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Letting Go: Does Your Personality Inhibit Corporate Change?

Letting Go: Does Your Personality Inhibit Corporate Change?

Solution Focus coaching works for almost every office personality type. This makes it an ideal coaching methodology for managers seeking to make some changes. From drama queens to wallflowers, there’s a Solution Focus ‘better question’ to help break through those defenses.

Working smoothly together for a greater good is generally the ideal vision of any office, but  this doesn’t always happen easily. In a typical office you may encounter a host of different characters that don’t always see eye to eye. Clashing egos and a lack of accountability often hampers progress and positive changes in office environments. People fixate on their problems and lose sight of the valuable solutions that are within their reach. Solution Focus coaching is designed to help people move past their problems and inhibitions and go after useful solutions.

Though no one is an exact archetype, there are common personality types to be found in most offices. These personalities fall under two categories of attitude — assertive and passive.

Within assertive personality types you may find:

  •  The Combative Type (knows what they want and expects to get it, self-involved, potentially arrogant)
  • The Pragmatist (knows what they want, wants to assist others get what they want too)

Within passive personality types you may find:

  • Risk Averse Type (may want change but fears change, hindered by fear of making mistakes)
  • Friendly Type (knows what they want but doesn’t want to impose on others)

In a dream world, everyone at the table would be a Pragmatist. This personality type acknowledges that change is needed, has a clear sense of their own goals and wants to help others determine goals. They are the ultimate helpful, empathetic and assertive counterparts in a session. In a more challenging session, the group would be made up of Combatives and Risk Averse types. These two types are not empathetic and have a more difficult time coming to any kind of corporate compromise because they put their own desires and fears before the good of the group at large.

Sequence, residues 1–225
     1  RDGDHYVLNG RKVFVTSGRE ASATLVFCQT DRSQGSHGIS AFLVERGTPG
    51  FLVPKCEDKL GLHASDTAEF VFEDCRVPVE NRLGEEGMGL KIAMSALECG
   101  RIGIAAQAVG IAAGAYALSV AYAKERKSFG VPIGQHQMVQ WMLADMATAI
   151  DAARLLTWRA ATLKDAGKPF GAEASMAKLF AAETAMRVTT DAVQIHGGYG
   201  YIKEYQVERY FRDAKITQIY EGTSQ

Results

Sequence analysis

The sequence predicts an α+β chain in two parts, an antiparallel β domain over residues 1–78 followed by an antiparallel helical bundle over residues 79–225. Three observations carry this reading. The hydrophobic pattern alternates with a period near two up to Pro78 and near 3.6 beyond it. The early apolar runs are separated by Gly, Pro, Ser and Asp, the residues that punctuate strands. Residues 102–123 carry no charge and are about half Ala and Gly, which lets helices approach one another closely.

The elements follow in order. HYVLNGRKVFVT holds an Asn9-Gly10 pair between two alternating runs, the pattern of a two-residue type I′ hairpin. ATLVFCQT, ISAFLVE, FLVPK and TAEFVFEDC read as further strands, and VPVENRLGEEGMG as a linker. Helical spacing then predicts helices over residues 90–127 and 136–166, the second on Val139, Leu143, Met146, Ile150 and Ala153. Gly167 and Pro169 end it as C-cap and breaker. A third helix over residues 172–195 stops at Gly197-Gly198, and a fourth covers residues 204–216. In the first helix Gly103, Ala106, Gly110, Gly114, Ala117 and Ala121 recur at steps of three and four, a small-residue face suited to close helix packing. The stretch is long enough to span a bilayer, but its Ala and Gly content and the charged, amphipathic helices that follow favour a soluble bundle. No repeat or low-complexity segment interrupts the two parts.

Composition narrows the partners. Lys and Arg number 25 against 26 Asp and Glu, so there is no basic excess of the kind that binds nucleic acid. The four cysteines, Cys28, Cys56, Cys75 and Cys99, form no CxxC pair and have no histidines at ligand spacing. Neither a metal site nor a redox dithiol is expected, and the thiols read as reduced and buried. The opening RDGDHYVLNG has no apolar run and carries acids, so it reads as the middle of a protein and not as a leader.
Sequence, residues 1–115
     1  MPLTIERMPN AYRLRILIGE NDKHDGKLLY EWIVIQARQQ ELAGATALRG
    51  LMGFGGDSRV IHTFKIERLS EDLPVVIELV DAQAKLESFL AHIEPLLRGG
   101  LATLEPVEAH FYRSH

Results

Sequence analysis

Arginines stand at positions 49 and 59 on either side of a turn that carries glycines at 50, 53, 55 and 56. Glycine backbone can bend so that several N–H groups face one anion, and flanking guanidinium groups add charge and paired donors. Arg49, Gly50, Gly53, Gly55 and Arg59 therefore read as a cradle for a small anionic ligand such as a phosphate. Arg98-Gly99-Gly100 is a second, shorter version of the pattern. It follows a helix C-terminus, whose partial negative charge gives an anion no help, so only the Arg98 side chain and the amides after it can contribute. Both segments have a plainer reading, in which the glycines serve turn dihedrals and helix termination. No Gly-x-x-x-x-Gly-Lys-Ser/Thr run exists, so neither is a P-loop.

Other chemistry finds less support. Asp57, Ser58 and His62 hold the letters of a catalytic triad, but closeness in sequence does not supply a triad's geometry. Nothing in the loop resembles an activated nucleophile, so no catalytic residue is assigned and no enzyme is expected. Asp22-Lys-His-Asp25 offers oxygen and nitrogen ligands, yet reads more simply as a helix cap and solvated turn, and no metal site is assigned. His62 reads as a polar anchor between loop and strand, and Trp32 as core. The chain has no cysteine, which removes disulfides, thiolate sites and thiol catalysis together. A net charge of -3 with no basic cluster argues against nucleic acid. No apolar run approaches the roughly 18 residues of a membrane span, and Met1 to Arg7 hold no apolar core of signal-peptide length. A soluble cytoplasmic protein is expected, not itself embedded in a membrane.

People are not cookie cut outs and their personalities easily shift in a Solution Focus coaching session. A Friendly type may reveal a Risk Averse trait, a Risk Averse type may become Combative and so forth. Luckily, Solution Focus coaching works with all of these character types — the coach simply adapts to whatever traits come out at the table.

So how does a Solution Focus coach handle so many different personalities divided over common issues? Simply by asking ‘better questions’ that steer the group towards meaningful solutions. Everyone already knows what needs to happen, they just need to stop fixating on their problems and dig deeper to find the best solutions. Once successful outcomes are identified through better questions, the group can begin the set aside their differences and grievances and determine the necessary steps to achieve that outcome.

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Richard & Alan